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A Jaws-Dropping Encounter in Gansbaai | The Expeditioner Travel Site

A Jaws-Dropping Encounter in Gansbaai

Monday, September 17, 2018

Ten minutes into the boat ride toward Dyer Island, across the schizophrenic waters off Gansbaai where the Atlantic and Indian Oceans collide, I realized the most menacing creature encountered while shark cage diving isn’t below the water, it’s above it. Dozens of seagulls fluttered and squawked as their droppings smacked down like a hailstorm.

You’re gonna need a broader hat.

Shark cage diving is one of South Africa’s most popular activities for travelers. Known as South Africa’s unofficial cage diving epicenter, the infamous “Shark Alley” stretch off the coast of Gansbaai, about two hours southeast of Cape Town. Shark Alley became world-renowned due to its recurring role on Discovery Channel’s annual Shark Week extravaganza — which recently celebrated its 30th anniversary this summer — and a big reason why cage diving sits alongside safaris on most travelers’ South African bucket lists.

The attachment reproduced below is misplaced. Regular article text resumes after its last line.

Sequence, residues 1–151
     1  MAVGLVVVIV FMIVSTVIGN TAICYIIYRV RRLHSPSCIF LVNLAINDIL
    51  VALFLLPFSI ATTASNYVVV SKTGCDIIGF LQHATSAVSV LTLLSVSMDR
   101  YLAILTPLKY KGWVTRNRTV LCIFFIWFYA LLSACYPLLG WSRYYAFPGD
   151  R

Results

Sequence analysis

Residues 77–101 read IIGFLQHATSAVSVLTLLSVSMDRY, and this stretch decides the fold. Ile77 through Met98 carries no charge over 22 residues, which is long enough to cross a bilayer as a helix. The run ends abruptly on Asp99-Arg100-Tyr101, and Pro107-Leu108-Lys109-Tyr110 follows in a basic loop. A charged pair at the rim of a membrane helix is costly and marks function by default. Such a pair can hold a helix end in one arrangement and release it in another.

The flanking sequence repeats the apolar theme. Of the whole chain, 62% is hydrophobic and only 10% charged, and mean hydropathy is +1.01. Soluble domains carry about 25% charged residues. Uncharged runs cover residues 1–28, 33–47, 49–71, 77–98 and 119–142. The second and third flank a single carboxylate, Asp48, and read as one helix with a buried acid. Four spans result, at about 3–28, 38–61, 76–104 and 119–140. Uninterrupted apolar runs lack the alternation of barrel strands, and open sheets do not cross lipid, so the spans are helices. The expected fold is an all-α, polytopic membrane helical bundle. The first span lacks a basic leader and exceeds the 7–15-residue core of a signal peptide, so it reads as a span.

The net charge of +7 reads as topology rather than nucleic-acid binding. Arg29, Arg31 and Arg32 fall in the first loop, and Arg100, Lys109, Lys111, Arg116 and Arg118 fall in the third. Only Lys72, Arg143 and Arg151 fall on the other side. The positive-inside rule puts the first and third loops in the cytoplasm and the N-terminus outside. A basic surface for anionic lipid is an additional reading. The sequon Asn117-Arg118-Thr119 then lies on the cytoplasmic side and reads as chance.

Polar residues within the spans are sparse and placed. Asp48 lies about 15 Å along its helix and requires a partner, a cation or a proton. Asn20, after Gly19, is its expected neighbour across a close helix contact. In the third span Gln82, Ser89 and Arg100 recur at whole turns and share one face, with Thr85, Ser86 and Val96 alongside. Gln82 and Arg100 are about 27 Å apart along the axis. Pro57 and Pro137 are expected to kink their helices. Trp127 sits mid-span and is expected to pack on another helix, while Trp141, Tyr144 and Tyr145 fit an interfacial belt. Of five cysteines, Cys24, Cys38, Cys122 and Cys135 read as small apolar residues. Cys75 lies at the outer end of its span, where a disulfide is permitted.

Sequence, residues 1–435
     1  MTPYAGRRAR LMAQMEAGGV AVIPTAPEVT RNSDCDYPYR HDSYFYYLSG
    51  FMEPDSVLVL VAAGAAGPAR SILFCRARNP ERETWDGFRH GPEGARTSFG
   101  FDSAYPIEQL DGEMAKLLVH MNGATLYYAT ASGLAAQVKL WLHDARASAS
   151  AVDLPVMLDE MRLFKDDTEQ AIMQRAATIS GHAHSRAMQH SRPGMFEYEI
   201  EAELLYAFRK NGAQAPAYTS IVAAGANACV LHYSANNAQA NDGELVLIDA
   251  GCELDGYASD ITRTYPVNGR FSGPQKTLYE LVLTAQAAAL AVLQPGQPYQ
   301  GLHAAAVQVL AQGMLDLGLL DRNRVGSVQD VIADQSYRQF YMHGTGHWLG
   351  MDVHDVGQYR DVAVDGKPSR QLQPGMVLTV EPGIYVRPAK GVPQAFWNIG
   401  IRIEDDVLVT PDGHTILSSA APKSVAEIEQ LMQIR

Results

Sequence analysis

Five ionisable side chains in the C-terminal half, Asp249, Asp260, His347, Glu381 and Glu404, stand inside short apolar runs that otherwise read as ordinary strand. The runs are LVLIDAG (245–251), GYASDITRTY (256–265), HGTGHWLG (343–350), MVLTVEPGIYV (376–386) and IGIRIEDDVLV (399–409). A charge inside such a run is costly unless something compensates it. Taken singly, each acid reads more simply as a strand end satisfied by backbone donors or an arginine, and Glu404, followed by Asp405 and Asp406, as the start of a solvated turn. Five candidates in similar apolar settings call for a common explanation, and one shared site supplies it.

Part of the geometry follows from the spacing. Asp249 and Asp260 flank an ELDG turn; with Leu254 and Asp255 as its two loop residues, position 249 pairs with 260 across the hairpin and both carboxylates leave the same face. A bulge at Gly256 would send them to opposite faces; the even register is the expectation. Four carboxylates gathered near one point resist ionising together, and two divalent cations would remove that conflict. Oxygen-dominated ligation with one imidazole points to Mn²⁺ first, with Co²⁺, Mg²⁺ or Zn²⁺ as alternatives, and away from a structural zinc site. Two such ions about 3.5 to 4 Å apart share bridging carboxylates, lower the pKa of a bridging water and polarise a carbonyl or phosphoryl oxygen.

“The cage diving industry has gone from strength to strength,” said Chris Fallows, owner of Apex Shark Expeditions. “The need to deliver a polished, educational and professional product in a competitive environment has led to several companies ticking all these boxes.”

Fallows is one of the key players in the cage diving industry that serves in excess of 100,000 people each year within South Africa. He is the first person to ever photograph breaching great whites and the creative force behind Air Jaws: Sharks of South Africa, the high-flying 2001 documentary that aired during Shark Week and introduced the world to the acrobatic predators. Fallows’ Apex Shark Expeditions handles 2,000 clients each year and emphasizes a small (12 clients maximum per boat), personalized approach to cage diving as travelers look to live out a Shark Week-esque experience.